By Ellen Eldridge
The thing to like most about Resurgens, after the swelling with pride of discovering another Atlanta-based gem subsides, is simply the outstanding complexity of the layers and variance among tracks. When I first listened, I jumped around through the tracks a bit. Others may also feel a bit put-off by the heavy dose of electronic stratum, but after a few minutes the grasp of the content takes hold. For me, personally, the hooks pierced into flesh during the chorus vocals of Crystal Dawn Baker in “Your Middle Name.” During the verses, Stephanie Clayton’s voice holds attention with the words “I will see your face again and become your middle name,” then the intensity of the chorus against the pulse of the drums brings a steadier rock feel to the otherwise electronic song. Not that the electronic quality takes anything away from the music; the complexity lies in not knowing quite how to describe it.
“I Was a Feather” further forged my love for Resurgens because of its build-up. The exposition of the song builds on its slow start musically. The first 10 seconds drift by as one would expect when waking to the sound of an alarm clock. In fact, the idea of listening to the entire album as a soundtrack to a dream fits when trying to compartmentalize this song. The echoing idea of the song appears as the first minute flows into the second. The line, “black mascara and tight red pants, she saw the city in the distance,” bleeds onto the amped backbeat that has grown from a quietly ringing alarm to a stomping of feet in the hall with fists bared to pound the wall if the listener doesn’t wake up. Loving the simple poetry in the lyric, “I was a feather when I fell for you,” leads to a not-so-simple analogy of the innocence of love changing with the wisdom of time.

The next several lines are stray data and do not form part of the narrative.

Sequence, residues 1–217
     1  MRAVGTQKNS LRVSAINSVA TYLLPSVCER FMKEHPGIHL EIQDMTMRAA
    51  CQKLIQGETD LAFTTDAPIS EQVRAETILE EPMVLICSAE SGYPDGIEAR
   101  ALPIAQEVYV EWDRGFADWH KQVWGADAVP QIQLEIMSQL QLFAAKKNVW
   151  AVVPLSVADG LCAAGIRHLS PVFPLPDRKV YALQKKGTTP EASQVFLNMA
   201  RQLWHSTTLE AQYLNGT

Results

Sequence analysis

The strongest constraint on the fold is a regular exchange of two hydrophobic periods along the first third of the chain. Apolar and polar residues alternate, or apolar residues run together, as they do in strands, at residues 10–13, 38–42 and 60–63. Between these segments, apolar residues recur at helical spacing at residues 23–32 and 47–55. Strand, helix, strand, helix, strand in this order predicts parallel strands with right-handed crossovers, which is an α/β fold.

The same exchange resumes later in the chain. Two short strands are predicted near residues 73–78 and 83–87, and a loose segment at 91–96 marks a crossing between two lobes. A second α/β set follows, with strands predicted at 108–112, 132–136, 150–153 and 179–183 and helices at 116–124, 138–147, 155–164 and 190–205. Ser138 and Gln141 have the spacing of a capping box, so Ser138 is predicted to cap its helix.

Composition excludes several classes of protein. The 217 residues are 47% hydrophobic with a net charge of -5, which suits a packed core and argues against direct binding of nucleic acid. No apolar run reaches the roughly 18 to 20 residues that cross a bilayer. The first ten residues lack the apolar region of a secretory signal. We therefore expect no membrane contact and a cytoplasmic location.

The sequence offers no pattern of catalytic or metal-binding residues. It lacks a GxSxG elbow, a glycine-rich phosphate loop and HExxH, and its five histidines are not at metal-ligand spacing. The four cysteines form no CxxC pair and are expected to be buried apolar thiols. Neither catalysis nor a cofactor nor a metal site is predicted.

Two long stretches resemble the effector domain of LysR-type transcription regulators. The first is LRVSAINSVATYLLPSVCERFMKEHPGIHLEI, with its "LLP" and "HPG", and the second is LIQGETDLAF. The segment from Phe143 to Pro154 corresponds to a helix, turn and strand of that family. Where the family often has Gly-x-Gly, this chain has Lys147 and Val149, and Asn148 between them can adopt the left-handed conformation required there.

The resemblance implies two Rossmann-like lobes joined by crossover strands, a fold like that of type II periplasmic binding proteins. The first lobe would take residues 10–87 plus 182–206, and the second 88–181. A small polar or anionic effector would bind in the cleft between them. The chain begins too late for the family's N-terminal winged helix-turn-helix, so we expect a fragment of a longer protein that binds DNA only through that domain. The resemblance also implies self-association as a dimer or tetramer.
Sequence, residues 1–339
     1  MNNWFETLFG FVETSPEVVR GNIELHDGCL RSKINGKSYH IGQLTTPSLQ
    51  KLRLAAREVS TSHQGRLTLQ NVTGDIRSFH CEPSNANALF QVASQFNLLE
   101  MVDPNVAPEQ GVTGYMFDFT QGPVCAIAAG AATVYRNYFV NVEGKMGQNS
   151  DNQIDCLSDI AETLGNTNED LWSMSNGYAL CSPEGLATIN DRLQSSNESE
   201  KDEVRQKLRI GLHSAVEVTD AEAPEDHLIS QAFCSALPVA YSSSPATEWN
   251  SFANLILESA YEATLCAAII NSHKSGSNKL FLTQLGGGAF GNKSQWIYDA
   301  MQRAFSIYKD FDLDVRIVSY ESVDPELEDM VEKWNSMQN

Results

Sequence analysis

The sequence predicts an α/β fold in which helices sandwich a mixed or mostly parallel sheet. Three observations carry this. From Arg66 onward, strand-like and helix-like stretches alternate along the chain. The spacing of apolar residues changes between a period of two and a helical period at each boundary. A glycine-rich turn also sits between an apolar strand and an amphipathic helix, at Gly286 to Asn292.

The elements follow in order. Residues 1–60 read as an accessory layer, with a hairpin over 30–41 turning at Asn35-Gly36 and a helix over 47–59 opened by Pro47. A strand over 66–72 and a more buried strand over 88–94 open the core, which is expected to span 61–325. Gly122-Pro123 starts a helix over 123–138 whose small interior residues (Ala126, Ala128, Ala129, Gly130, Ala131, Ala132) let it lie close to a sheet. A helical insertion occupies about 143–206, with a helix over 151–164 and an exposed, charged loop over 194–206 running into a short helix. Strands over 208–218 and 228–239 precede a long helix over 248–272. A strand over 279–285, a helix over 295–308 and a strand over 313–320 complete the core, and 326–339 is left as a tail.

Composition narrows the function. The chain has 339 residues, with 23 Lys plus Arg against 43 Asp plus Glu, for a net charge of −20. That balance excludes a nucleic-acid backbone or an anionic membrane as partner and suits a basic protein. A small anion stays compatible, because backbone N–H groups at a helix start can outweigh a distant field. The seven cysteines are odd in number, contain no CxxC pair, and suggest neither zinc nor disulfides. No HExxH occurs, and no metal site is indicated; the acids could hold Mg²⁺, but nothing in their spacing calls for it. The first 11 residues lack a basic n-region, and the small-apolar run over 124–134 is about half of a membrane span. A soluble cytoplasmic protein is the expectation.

Try to categorize Randy Garcia’s 10th full-length album, Resurgens; it won’t be easy. To lump it in with industrial electronic or dubstep music would be to force a square peg in a round hole. The pop melodies and rock pulses don’t mesh with typical songs in either category, yet all these ideas work within the songs. Splotches of blues and patterns of new wave emerge along this very surreal soundtrack. “Probability” stretches its sonorous yet scratchy chords against the wailing melody. It feels like something Thom Yorke would dance to uninhibitedly. Resurgens reawakens the mood of a David Lynch movie while driving fast on a wet and twisted country road; the kind of road where a streetlight is needed. Listen to it intently and give it time to catch you with its claws. Once hooked you’ll want more.